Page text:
from COHRA Website

The Valentinians and Ophites (Sethians), "regarded Seth as the first of the race of the perfect ones, the spiritual in opposition to the material (Cain) and Abel (the psychic). Seth was, no doubt, well suited to become the great prophet of the Gnostic race, various attributes of prestige being ascribed to him in apocryphal traditions about the Old Testament: image of God, heir of Adam, inventor of astronomy.


His sons were to be the 'Sons of God' who, upon Mount Hermion, led a pious and secluded life cherishing the nostalgia for Paradise."
- Jean Doresse, The Secret Books of the Egyptian Gnostics


Adam "had indeed many other children, but Seth in particular. As for the rest, it would be tedious to name them; I will therefore only endeavor to give an account of those that proceeded from Seth. Now this Seth, when he was brought up, and came to those years in which he could discern what was good, became a virtuous man; and as he was himself of an excellent character, so did he leave children behind him who imitated his virtues.


All these proved to be of good dispositions. They also inhabited the same country without dissensions, and in a happy condition, without any misfortunes falling upon them, till they died."
- Flavius Josephus, Antiquities of the Jews Bk I, Ch II, Sn 3


"The wickedness of Cain is repeated in Ham. But the descendants of both are shown as the wisest of races on earth; and they are called on this account 'snakes', and the 'sons of snakes', meaning the sons of wisdom, and not of Satan, as some divines would be pleased to have the world understand the term. Enmity has been placed between the 'snake' and the 'woman' only in this mortal phenomenal 'world of man' as 'born of woman'.


Before the carnal fall, the 'snake' was Ophis, the divine wisdom, which needed no matter to procreate men, humanity being utterly spiritual. Hence the war between the snake and the woman, or between spirit and matter."
- M. P. Blavatsky, Isis Unveiled


The Ophites reputedly said:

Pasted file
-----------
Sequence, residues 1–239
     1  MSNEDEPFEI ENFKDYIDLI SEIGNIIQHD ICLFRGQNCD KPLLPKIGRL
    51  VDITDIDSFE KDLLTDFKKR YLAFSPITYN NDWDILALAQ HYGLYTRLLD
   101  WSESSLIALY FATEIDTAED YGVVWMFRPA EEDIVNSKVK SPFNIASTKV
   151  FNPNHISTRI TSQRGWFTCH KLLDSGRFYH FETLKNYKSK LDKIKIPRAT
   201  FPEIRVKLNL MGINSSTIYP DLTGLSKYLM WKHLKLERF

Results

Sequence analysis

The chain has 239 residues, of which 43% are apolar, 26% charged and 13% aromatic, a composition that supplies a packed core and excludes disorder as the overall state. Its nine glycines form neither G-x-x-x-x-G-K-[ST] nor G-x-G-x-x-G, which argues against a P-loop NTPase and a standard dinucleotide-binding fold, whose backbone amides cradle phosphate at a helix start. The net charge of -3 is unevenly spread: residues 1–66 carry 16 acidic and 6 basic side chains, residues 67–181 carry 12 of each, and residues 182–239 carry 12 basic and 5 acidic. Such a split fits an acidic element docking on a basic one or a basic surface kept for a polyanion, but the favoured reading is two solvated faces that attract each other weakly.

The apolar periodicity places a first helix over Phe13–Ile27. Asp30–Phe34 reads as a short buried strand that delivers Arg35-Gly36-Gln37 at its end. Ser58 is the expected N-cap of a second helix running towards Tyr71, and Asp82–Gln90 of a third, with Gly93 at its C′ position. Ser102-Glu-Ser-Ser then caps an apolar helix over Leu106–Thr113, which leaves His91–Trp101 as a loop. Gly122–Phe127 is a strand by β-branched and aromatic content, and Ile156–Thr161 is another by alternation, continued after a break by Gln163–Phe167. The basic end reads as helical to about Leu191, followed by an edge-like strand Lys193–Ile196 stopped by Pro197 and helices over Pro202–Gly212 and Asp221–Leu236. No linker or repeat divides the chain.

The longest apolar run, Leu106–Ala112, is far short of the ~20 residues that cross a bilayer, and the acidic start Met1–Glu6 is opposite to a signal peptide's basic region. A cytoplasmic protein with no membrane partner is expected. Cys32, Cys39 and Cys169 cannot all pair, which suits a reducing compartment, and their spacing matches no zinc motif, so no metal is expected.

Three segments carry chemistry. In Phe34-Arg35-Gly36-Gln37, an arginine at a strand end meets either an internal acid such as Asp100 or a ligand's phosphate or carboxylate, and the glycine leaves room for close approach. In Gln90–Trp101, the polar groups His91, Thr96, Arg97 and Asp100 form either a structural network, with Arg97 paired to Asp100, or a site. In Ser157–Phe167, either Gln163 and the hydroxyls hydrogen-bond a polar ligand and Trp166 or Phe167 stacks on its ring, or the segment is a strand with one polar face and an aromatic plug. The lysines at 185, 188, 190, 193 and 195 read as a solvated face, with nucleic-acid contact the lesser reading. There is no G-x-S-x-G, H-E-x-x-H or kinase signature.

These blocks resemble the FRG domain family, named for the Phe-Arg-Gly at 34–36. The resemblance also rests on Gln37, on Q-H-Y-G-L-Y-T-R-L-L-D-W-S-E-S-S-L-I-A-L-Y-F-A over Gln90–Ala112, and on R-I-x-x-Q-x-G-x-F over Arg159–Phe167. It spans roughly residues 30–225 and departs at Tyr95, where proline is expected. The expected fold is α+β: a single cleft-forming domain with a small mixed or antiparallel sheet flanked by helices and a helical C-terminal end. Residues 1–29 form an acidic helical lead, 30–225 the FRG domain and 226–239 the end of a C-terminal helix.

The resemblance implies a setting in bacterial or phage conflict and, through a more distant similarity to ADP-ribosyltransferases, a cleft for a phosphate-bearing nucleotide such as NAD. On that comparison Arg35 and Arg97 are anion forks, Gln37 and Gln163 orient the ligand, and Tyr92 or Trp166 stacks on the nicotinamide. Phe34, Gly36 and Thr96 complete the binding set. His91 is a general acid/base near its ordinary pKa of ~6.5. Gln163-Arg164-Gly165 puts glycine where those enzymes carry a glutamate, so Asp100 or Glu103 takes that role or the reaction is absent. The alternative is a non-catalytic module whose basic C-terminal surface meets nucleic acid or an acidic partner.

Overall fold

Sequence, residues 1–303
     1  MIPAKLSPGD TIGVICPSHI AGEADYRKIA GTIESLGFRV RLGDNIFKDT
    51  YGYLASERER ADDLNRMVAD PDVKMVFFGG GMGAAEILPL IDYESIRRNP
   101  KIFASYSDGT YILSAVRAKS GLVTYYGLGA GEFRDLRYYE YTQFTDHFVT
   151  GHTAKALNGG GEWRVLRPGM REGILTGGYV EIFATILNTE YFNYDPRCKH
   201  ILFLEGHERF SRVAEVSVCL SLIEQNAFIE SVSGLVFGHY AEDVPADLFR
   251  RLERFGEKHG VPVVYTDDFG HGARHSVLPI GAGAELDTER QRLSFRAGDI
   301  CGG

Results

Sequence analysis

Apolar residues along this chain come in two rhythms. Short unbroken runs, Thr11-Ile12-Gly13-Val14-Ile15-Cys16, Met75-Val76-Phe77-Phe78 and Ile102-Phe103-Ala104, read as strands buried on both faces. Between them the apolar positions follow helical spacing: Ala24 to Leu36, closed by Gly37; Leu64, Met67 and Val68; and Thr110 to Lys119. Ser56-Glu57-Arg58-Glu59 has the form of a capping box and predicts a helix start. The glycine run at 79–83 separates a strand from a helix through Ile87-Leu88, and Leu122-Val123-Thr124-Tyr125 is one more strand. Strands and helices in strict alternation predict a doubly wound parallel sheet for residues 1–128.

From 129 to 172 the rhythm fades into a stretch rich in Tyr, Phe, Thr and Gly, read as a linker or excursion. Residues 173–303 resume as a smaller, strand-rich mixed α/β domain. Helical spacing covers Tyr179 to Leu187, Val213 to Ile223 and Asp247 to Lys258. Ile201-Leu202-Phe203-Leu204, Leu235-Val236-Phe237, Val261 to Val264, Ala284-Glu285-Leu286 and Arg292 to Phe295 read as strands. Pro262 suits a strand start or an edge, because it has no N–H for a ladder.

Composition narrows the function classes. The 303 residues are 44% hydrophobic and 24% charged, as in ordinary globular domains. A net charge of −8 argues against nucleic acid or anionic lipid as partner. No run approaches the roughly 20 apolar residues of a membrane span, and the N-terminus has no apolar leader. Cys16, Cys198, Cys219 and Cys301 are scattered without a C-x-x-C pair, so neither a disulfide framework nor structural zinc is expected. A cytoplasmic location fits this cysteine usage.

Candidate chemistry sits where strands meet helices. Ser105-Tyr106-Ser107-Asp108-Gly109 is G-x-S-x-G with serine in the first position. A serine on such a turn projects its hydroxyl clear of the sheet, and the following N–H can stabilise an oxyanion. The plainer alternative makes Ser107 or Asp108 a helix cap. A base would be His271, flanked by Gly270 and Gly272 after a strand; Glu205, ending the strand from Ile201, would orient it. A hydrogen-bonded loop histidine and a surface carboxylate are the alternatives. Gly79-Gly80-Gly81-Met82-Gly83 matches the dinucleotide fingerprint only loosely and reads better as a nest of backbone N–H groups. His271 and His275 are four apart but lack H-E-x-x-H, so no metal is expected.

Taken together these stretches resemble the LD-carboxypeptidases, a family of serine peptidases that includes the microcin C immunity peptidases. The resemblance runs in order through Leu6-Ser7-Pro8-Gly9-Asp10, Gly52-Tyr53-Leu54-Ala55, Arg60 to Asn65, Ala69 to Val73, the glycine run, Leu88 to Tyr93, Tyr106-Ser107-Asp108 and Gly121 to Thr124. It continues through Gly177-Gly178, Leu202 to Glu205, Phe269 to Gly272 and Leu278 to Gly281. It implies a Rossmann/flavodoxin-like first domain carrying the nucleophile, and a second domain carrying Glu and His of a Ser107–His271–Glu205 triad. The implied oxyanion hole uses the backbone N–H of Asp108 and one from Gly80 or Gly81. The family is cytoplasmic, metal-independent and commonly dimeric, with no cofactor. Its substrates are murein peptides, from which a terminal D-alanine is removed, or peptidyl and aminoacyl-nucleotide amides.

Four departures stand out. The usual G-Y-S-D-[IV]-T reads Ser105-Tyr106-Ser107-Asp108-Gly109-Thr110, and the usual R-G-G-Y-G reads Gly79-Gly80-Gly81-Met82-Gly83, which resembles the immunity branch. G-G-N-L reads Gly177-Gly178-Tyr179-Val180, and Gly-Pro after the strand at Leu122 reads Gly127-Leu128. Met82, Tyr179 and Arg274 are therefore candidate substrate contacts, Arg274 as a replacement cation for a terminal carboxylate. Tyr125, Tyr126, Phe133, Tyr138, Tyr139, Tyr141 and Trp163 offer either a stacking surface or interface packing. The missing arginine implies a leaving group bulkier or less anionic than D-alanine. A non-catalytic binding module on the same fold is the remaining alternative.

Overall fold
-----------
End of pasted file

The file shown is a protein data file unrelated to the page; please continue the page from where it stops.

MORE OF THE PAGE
"We venerate the serpent because God has made it the cause of Gnosis for mankind. Ialdabaoth (the Demiurge who was the 'god of the Jews') did not with men to have any recollection of the Mother or of the Father on high. It was the serpent, who by tempting them, brought them Gnosis; who taught the man and the woman the complete knowledge of the mysteries from on high. That is why [its] father Ialdabaoth mad with fury, cast it down from the heavens."

- St. Epiphanius, Adversus Haereses


"...No one can be saved and rise up again without the Son, who is the serpent. For it was he who brought the paternal models down from aloft, and it is he who carries back up again those, who have been awakened from sleep and have reassumed the features of the Father."
- St. Hippolytus, Elenchos V. 17


The Ophites "made a very special cult of these reptiles: they kept and fed them in baskets; they held their meetings close to the holes in which they lived. They arranged loaves of bread upon a table, and then, by means of incantations, they allured the snake until it came coiling its way among these offerings; and only then did they partake of the bread, each one kissing the muzzle of the reptile they had charmed.


This, they claimed, was the perfect sacrifice, the true Eucharist.

"Where is it - in the Dionysiac orgies, in the cult of Asclepios, or in the mysteries of Sabazios which, according to Arnobius (Adversus nationes, V.21), also made use of the image of the serpent - that one must look for the origins of such practices? Or do they not remind one even more of the cults of certain pagan sects which made a special cult of the serpent of the constellation Ophiuchus (if we are to believe the Astronomica of Manilius, 5; 389-93)?


Like our Ophites, these adepts held the reptiles to their breasts and caressed them, as living symbols of the celestial image that they worshipped."